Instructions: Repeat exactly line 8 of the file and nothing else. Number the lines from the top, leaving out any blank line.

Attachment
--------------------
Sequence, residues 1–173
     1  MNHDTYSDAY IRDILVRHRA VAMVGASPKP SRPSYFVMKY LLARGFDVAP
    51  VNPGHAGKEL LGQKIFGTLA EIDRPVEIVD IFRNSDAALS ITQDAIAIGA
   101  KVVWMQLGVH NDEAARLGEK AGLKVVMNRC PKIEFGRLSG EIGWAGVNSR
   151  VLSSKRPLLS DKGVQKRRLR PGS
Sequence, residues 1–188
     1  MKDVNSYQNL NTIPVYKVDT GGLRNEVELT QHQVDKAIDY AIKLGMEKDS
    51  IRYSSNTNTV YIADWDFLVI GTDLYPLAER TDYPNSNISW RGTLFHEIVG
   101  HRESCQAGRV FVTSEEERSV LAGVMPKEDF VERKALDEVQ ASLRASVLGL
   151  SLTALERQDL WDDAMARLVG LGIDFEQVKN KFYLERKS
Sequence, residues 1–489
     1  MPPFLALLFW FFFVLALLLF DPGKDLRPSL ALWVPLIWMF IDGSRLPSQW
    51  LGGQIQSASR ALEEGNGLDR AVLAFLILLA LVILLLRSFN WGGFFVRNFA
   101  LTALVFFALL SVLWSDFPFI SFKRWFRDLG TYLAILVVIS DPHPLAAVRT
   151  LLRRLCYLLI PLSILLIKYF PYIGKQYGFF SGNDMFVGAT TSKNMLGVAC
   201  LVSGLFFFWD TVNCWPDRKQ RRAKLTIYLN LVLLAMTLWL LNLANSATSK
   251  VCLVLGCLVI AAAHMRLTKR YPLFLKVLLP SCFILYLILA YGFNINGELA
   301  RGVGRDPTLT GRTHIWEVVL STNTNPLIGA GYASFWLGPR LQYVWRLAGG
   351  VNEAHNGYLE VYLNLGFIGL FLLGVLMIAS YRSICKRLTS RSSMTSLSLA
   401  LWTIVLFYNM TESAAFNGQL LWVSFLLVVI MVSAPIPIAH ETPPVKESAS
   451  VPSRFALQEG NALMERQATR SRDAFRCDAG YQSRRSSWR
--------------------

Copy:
    51  IRYSSNTNTV YIADWDFLVI GTDLYPLAER TDYPNSNISW RGTLFHEIVG